What happened with Internet is that these transaction costs plummeted and suddenly you can commission and organise work in a extremely distributed way with a very low cost. This process is at the root of the dismantling of firms. Now, in many activities there is no need to have an internal capacity anymore because you can easily contract these activities in the market at the cost of a mail, a whatsapp or even less.
These dissolving of the boundaries of the firm has multiple implications for work. Chances are that if you are for the sake of the example, a designer or a software developer, you won’t work inside a firm but as an independent professional and you will work in a co-working space or from your home office. These are some of the new forms of work and entrepreneurship that are appearing. New forms that sharply contrast with our understanding and our expectations of work.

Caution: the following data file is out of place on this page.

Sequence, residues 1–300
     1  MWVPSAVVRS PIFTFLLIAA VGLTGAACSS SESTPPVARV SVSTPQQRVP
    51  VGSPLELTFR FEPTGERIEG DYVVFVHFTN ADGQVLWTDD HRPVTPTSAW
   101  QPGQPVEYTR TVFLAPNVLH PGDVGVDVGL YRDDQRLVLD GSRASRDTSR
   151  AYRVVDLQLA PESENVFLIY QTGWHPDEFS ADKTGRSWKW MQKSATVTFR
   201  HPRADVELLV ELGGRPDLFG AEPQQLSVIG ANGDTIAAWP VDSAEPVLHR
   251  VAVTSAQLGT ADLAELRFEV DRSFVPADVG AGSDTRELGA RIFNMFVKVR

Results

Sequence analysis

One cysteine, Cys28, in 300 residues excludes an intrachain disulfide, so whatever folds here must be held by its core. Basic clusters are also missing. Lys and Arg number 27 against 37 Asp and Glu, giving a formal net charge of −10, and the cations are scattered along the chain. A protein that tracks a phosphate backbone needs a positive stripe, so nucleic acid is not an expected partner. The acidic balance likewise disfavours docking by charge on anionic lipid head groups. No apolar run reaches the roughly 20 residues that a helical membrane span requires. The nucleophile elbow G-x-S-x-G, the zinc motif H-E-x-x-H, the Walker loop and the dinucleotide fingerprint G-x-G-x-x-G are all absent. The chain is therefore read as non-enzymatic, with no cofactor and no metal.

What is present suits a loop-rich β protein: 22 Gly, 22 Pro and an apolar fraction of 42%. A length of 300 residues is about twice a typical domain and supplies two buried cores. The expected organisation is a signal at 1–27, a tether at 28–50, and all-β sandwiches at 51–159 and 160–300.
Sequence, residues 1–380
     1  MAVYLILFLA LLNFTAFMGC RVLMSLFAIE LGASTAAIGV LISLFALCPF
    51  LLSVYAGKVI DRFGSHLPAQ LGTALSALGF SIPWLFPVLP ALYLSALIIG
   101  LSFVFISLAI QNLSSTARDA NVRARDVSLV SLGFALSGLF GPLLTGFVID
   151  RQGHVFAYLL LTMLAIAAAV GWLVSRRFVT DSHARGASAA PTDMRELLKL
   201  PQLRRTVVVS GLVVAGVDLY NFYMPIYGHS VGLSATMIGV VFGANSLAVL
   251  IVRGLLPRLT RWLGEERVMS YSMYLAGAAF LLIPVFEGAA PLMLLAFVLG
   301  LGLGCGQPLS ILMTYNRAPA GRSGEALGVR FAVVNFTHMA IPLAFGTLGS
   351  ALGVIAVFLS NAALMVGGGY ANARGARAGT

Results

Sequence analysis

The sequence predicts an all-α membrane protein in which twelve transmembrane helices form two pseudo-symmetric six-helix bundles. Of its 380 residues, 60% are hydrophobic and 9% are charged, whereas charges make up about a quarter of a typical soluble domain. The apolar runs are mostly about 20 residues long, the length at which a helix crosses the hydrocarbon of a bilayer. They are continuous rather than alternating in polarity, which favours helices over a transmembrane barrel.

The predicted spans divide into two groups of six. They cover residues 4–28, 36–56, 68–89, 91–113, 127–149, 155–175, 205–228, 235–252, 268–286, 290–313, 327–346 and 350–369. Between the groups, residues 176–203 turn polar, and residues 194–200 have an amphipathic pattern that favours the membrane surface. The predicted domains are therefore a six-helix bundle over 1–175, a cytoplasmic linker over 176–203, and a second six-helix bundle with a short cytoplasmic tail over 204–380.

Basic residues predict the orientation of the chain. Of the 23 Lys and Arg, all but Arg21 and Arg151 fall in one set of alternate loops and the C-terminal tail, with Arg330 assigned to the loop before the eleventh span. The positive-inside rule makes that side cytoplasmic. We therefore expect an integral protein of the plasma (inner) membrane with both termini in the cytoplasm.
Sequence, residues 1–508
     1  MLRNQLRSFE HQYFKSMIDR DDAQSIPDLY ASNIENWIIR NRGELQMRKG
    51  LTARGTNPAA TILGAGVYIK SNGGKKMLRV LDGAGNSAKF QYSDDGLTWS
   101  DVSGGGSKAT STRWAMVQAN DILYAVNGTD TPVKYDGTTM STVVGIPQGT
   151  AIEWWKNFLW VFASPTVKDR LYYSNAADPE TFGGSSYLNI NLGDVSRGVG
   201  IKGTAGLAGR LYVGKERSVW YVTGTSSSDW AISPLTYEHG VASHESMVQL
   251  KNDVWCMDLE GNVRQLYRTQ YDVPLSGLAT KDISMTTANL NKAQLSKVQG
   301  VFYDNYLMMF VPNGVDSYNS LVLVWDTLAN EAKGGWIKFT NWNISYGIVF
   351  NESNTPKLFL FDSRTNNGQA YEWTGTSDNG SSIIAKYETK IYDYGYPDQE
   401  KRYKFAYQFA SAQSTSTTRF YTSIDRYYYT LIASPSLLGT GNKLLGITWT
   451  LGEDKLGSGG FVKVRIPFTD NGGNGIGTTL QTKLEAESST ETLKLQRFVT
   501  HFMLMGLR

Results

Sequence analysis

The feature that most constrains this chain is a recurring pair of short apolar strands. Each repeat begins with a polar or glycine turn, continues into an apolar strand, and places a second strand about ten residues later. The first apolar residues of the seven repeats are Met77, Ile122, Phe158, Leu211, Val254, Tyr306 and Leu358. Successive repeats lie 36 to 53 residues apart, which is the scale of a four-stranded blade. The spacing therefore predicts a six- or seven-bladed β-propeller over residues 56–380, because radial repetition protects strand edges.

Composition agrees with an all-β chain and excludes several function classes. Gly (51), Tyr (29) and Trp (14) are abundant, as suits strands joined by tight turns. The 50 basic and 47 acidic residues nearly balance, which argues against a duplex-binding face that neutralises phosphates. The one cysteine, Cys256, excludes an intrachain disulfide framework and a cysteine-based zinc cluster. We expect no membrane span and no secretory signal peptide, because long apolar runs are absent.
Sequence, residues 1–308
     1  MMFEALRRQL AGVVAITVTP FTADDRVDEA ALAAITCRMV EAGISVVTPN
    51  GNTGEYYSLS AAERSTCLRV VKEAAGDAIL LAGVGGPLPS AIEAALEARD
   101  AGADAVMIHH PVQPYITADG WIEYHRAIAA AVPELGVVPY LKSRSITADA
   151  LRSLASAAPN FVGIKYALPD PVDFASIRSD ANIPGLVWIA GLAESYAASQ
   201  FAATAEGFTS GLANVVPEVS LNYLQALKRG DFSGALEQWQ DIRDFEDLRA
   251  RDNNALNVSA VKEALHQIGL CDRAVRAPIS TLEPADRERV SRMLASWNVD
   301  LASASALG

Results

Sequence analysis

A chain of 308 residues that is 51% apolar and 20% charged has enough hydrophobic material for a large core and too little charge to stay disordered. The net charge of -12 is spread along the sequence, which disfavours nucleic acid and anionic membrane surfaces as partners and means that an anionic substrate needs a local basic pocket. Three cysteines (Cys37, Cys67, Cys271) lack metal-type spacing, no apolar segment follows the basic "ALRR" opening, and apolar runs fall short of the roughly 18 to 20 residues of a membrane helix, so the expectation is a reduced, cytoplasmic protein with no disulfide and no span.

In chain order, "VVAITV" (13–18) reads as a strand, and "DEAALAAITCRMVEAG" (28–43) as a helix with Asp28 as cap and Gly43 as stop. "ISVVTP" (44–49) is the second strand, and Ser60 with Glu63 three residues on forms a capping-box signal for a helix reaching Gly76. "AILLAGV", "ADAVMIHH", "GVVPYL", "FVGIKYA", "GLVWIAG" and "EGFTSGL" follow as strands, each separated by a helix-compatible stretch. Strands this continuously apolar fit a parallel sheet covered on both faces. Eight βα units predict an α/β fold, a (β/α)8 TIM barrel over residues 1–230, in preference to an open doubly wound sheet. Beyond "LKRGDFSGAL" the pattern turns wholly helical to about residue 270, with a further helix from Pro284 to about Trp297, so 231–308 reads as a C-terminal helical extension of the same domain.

So, are clusters over? Completely outdated?
First we have to point out that not all industries are the same and not all go at the same pace. Traditional industries, traditional startups do exist and there old policies apply fully. However, the action neither the future are probably there.
The first thing that changed dramatically is the objective of the policies that we are discussing, the organization. Before the objective was a startup that through different rounds of financing will become a full fledge company. Now we can find a variety of forms that range from single professionals to virtual organisations or small partnerships. Companies with otherwise a huge impact such as whatsapp have been functioning with no more than 16 people for years. Therefore the objective should no longer be make companies grow in terms of headcount and competencies. Not even in terms of marketshare, small organisations of professionals will remain small or evolve to virtual organisations but most of them won’t evolve to large companies.
These novel types of structures arising demand new support actions such as access to co-working spaces, meetups and places of encounter both physical and virtual where communities can endow themselves of an structure.
Three main characteristics of clusters changed dramatically in this new world: capacity building, connectivity and specialisation.